Spending — at least when it comes to public education — doesn’t guarantee results.
If this complaint sounds familiar, it’s because this problem has been addressed before.
Illinois spends $631 per pupil on the costs of administering K-12 public schools. That’s more than twice the national average.
Too many school districts, too many administrators, too many rules and regulations — they all cost a fortune.
Research by the Illinois Policy Institute’s Adam Schuster shows that Illinois was the only state to spend “more than $1 billion at the district level in 2018.” California, which has three times as many students as Illinois, spent $789 million.
That sad statistic demonstrates that it’s not necessarily how much money public bodies spend on public education, but how that money is spent.
Schuster contends that his analysis of education spending in Illinois shows it’s getting much less bang for its buck that other neighboring states.
For example, he notes, all of Illinois’ neighboring states “boasted higher graduation rates between 2003 and 2009” even though “Illinois’ per-pupil spending was the highest among neighboring states.”
“Illinois spent between 8 percent and 25 percent more per student, only to fall behind every neighboring states on reading assessments, according to the Nation’s Report Card. Similarly, all but two states, Kentucky and Missouri, outscored Illinois on math assessments,” states Schuster, the institute’s director of budget and tax research.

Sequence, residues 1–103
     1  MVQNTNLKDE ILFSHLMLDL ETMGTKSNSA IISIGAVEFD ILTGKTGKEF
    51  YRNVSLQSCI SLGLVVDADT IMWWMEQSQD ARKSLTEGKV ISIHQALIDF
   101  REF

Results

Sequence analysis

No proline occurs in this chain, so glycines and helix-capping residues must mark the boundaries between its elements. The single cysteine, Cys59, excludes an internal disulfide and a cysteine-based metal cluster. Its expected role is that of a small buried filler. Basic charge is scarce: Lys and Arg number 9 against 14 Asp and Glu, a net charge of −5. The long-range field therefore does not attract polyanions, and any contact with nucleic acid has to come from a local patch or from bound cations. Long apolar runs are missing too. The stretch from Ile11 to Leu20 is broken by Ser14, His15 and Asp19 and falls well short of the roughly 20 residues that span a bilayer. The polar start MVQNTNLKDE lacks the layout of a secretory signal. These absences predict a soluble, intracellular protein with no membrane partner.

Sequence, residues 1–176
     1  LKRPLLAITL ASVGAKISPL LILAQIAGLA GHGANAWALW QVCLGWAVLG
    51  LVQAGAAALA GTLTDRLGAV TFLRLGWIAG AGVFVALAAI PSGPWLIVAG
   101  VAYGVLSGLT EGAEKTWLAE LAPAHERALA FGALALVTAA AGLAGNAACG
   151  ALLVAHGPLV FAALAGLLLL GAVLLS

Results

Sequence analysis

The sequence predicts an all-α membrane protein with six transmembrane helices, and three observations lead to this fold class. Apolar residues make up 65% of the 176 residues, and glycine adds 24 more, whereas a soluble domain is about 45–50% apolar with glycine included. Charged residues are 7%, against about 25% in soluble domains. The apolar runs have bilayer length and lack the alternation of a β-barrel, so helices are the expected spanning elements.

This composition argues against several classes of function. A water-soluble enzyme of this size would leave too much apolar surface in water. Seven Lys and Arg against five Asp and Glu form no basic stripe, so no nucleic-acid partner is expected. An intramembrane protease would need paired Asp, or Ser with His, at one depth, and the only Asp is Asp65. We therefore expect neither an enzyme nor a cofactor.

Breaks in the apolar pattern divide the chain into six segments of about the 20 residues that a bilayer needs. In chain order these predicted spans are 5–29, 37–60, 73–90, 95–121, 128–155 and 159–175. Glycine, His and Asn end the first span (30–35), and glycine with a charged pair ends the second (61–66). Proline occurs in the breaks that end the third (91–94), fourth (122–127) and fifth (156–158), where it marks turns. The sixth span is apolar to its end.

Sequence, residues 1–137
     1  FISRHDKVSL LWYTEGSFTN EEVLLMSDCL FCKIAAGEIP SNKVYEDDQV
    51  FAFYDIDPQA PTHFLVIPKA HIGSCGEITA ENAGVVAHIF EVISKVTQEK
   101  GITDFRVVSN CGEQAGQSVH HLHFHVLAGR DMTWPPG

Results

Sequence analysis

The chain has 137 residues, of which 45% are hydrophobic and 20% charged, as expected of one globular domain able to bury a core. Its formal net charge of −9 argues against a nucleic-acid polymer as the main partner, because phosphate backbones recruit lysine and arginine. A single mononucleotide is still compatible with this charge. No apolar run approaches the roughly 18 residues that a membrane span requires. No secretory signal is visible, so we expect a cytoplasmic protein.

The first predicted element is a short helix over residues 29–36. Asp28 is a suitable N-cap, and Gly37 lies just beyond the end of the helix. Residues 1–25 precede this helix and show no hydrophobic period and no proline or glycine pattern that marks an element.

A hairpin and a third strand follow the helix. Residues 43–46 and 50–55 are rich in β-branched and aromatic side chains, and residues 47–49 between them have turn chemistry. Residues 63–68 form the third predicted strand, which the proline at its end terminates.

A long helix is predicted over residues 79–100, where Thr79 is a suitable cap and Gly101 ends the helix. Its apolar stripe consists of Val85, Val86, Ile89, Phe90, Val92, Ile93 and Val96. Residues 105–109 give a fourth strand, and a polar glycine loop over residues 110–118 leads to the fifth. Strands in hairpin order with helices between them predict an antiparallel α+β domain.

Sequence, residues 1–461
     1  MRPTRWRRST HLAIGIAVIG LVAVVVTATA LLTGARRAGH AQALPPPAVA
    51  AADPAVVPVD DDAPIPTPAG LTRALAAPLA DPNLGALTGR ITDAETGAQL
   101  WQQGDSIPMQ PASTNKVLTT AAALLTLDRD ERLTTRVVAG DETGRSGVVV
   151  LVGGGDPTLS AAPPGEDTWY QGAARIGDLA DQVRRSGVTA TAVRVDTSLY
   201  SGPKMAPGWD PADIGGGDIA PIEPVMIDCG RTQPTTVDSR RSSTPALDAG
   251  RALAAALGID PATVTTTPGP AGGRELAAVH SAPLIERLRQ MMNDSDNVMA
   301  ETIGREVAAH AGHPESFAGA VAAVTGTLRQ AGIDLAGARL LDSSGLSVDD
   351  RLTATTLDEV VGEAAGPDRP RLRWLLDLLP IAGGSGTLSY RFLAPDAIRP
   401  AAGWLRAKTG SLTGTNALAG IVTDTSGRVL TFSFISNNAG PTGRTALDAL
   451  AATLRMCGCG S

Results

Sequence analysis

Schuster’s report said Illinois ranks 15th in per-pupil spending among the 50 states, but “falls to 27th in both math and reading assessments since 2003.”
Schuster’s ranking in overall spending was part of an analysis of the period from 2003 to 2019. He said “during that time, Illinois spent $11,875 per pupil on average.”
Even more disturbing are numbers from the Chicago Public Schools. They show that city’s lousing school system is hemorrhaging students while its costs have exploded.
Wirepoints reports that “CPS shrank by another 14,000 students this school year, a 4 percent-plus drop from last year’s 341,000 enrollment.”
It said the district has “lost 25 percent, or more than 100,000 students, since its population exceeded 430,000 in 2000.”
Those who remain clearly aren’t getting the education they need, obviously for a variety of reasons. Chicago schools are made up, mostly, of Black and Hispanic students. Just 11 percent are White.
Wirepoints said “just 30 percent of Black students meet or exceed reading standards in the third grade, and the number falls to just 14 percent for 11th-graders.”
That bleak picture does not reflect a lack of financial resources. The district’s operating expenses per student are $18,000, far above the $8,000 average in 2000.
Failure on a scale this grand already has and will continue to have dramatic negative social consequences.
Unfortunately, Illinois’ ship of state turns slowly, and that’s when the powers that be are committed to positive change. The failing status quo appears to be politically acceptable to those who have the position and power to move things ahead.